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- +10% Infantry combat ability
- −10% Idea cost
- −10% Cost of reducing war exhaustion
- +1 Yearly legitimacy
- +10% Manpower recovery speed
- +10% Morale of armies
- +10% National tax modifier
- +10% Production efficiency
- +20% Spy network construction
- +25% National manpower modifier
The Aztec are a country located in Central Mexico. It is also the primary nation of the Aztec culture.
- Main article: Aztec events
There is a group of events dealing with Altepetls revolts that fires cyclically and forces the player to deal with the danger of revolts. Other events concern some flavour aspects of Aztec nations, granting four permanent modifiers (first one is mandatory, others are optional):
- Great Temple of Tenochtitlan:
- Sumptuary Laws:
- Influence of Texcoco:
- Laws of Nezahualcoyotl:
Essentially, an Aztec campaign is divided in three sections: the Road to Reform, waiting for Europe, and Aztec and the World.
The Road to Reform
The most important mechanical feature of Aztec is the Doom mechanic that comes from being of Nahuatl faith. It is a counter that starts at 0; once it reaches 100, the current ruler is sacrificed and replaced with a very weak one and all vassals are released. High Doom decreases aggressive expansion impact but increases idea and technology cost. The Doom counter increases linearly with the number of provinces in the nation, scaled by the reforms that have been enacted; it can be decreased by fighting wars and winning sieges or by sacrificing rulers of vassal nations (only once every three years). Random events also can increase or decrease Doom.
The only way to escape the constant cycle of Doom is to enact the five reforms, which can be done when at peace, with stability greater than 0, no rebels in any province, less than 50 doom, and controlling at least 5 vassals. Naturally, the most stringent requirement is the last one; furthermore, all vassals are released upon enacting a reform, which means that to go to the next reform one must vassalise five nations again. This is essentially Aztec's gameplay for the first 50 years or so: gain 5 vassals, reform, repeat. Once that is done, the player can wait for the arrival of Europeans. It is a relatively straightforward task, and here are some tips to make it through.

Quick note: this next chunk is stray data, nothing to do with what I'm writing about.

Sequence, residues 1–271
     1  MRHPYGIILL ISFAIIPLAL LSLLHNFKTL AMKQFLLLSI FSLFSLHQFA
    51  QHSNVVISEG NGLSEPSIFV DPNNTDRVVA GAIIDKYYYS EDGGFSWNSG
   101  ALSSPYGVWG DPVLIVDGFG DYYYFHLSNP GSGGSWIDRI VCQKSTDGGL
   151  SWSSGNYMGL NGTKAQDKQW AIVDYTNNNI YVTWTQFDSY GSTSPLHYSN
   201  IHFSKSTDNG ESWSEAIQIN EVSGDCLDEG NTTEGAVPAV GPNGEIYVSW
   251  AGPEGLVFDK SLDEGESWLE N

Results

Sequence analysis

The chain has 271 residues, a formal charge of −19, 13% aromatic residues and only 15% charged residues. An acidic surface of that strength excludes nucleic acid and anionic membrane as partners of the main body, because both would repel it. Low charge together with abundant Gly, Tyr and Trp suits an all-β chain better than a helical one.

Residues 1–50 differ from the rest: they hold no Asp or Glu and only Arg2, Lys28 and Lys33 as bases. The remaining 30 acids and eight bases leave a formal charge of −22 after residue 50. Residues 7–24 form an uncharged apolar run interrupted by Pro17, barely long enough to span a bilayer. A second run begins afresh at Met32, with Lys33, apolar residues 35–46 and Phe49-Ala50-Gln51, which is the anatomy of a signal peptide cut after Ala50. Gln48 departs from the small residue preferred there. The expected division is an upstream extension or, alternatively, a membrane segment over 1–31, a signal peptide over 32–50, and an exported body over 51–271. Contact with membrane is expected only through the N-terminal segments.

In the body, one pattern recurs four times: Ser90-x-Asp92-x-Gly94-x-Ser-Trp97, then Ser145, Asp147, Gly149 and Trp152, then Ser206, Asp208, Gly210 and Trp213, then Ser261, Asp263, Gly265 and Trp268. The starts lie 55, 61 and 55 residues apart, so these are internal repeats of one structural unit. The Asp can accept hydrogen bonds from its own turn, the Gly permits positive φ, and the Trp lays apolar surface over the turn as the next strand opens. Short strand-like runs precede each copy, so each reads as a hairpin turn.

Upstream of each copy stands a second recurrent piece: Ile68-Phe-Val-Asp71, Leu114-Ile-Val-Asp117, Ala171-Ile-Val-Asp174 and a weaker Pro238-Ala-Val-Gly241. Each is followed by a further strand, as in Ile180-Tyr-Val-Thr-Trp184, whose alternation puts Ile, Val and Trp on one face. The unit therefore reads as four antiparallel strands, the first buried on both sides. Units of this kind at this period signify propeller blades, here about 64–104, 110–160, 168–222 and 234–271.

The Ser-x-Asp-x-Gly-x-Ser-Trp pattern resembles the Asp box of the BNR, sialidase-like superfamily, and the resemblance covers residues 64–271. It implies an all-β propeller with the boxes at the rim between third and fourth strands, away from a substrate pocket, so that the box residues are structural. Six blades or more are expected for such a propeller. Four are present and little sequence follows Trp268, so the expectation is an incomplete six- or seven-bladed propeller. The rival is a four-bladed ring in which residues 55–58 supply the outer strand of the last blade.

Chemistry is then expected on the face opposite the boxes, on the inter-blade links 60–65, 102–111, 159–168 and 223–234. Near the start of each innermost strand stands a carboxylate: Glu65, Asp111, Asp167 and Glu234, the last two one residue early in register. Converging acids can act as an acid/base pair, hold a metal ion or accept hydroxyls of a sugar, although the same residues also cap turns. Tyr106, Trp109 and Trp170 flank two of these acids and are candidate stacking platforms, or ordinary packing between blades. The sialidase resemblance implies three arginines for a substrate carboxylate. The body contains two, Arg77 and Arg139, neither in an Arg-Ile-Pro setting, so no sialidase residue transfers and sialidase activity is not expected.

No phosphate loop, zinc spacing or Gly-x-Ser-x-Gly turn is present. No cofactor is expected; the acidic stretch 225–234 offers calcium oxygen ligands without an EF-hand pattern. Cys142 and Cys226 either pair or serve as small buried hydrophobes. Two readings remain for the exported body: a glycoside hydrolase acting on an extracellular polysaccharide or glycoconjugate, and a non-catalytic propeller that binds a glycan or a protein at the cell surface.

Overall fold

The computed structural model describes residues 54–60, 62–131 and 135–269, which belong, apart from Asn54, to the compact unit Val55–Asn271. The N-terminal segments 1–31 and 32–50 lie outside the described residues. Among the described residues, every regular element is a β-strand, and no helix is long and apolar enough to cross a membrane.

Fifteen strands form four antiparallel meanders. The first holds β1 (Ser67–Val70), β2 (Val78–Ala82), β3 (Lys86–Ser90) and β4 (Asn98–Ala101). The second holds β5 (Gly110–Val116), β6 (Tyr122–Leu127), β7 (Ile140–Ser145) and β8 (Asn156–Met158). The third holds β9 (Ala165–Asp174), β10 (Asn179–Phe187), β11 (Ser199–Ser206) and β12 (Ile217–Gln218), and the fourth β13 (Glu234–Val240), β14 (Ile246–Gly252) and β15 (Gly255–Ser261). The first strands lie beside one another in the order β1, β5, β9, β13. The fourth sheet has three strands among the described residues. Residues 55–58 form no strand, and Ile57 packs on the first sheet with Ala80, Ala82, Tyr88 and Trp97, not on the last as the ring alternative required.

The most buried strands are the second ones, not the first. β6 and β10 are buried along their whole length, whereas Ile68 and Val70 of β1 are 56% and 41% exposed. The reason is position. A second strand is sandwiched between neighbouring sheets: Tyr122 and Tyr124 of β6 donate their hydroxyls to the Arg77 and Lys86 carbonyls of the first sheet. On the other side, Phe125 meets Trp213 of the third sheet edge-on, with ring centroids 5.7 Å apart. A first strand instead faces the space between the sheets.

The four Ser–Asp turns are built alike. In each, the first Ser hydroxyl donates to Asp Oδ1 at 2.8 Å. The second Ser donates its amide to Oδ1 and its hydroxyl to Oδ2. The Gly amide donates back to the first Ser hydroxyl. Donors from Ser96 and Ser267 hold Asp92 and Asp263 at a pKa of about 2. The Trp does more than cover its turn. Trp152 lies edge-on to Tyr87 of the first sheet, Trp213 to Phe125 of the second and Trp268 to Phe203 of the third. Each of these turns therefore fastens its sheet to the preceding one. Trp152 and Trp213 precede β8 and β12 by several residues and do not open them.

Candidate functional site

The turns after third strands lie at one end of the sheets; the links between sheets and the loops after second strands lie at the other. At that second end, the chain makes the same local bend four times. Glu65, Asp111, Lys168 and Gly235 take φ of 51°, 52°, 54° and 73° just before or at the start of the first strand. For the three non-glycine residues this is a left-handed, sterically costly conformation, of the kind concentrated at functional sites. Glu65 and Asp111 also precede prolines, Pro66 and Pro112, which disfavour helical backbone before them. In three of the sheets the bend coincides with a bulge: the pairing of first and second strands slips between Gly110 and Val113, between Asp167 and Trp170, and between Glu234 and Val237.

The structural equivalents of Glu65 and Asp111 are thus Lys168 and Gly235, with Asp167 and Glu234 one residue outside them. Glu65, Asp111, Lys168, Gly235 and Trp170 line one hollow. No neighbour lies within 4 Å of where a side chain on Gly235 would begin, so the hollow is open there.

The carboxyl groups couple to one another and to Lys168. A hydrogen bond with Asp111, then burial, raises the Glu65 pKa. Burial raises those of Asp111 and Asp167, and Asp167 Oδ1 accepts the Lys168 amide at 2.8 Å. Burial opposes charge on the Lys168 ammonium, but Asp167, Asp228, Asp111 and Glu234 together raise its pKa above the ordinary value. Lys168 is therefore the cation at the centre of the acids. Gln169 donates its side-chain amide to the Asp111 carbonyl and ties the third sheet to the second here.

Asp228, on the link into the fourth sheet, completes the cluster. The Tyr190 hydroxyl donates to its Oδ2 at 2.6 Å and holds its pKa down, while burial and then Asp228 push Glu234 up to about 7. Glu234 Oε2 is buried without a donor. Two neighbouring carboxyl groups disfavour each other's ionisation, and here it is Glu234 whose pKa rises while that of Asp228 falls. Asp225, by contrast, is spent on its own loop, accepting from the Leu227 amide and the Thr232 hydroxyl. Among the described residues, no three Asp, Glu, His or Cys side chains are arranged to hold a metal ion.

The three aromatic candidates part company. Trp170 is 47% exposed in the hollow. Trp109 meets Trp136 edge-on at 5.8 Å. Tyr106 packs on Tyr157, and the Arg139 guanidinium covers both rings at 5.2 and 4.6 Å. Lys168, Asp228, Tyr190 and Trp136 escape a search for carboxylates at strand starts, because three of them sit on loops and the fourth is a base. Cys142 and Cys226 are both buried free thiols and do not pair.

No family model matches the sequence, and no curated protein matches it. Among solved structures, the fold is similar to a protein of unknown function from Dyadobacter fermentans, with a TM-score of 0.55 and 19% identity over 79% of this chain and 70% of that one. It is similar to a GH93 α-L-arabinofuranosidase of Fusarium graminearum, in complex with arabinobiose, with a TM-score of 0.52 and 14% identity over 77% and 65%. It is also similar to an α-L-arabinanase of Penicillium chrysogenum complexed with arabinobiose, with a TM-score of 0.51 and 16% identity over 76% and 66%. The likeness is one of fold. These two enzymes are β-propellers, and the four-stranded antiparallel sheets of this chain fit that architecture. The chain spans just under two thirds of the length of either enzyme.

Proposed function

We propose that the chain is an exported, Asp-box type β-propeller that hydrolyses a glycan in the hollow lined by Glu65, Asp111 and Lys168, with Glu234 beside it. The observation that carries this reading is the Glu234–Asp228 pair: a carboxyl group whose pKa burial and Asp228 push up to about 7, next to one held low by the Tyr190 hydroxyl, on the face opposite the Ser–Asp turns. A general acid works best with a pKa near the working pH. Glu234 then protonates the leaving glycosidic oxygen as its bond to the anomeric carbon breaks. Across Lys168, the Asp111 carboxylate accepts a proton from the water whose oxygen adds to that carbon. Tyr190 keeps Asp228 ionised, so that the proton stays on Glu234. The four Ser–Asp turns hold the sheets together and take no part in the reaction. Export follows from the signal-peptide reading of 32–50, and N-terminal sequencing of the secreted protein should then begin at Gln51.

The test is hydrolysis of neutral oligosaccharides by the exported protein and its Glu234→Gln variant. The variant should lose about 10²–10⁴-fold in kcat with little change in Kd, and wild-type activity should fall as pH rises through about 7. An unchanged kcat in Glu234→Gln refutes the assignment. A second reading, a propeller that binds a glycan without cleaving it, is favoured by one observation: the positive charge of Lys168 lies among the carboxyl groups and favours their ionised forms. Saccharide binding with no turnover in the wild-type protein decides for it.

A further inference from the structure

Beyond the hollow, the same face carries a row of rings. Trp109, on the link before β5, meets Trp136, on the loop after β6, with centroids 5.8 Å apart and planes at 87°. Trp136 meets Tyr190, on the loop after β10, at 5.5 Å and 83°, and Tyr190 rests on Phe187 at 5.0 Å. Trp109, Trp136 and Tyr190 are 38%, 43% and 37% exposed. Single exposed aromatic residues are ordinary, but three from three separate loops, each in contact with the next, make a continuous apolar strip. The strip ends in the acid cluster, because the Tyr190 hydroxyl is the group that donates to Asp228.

- It is not necessary to take land from defeated enemies, but it helps. You might think that reducing all other nations to OPMs to make it easier to vassalise later is a good strategy, and you wouldn't be wrong. However, keep in mind that the more provinces you have, the faster Doom increases, so you might want to not take everything in one go. Using your warscore to vassalise and take money is more important. It is perfectly possible to reach the five reforms without taking a single province before that time, so do not feel obligated. That said...
- Take Tlaxcala and Cutzamala. Tlaxcala, the northernmost province of Tlaxcala, and Cutzamala, the easternmost province of Tarascan, have forts, and hence require larger armies to siege. Tlaxcala in particular requires at least a 9K army, which, at least at the beginning, is most if not all of your force, and it takes a long time to besiege. Letting them in the hands of enemies means to have to besiege them over and over again. Take these provinces early on and demolish the forts if you can't take the expense.
- War is a pretty uncomplicated affair. No one will have ideas, no one will have anything other than infantry, staying on par with military tech is easy, the special bonuses can come only from monarch traits, and there are only those two forts to block the way. Although terrain and leader might have an impact (Aztec starts with Moctezuma I as a two-star commander, giving them the edge), generally speaking battles are decided by raw numbers. Plan accordingly using the ledger, defeat the main enemy army, follow it to shatter it completely, and then carpet siege to avoid the enemy rebuilding an army. At least 3K is need for capital provinces, 1K is enough for all others.
- Extract as much money as possible from defeated enemies and don't spend it. Keep a large reserve in case your army is defeated, in which case hire a mercenary force. Don't be afraid to take on debt to do hire then. Once again, raw numbers usually win the day.
- Chain wars if possible. This can be more down to luck, but if you vassalise someone who was fighting in another war, you get dragged in their conflict as leader. You can vassalise the enemy and get dragged in more conflicts and so on. This is particularly useful to get around peace treaties and not get the breaking truce penalty.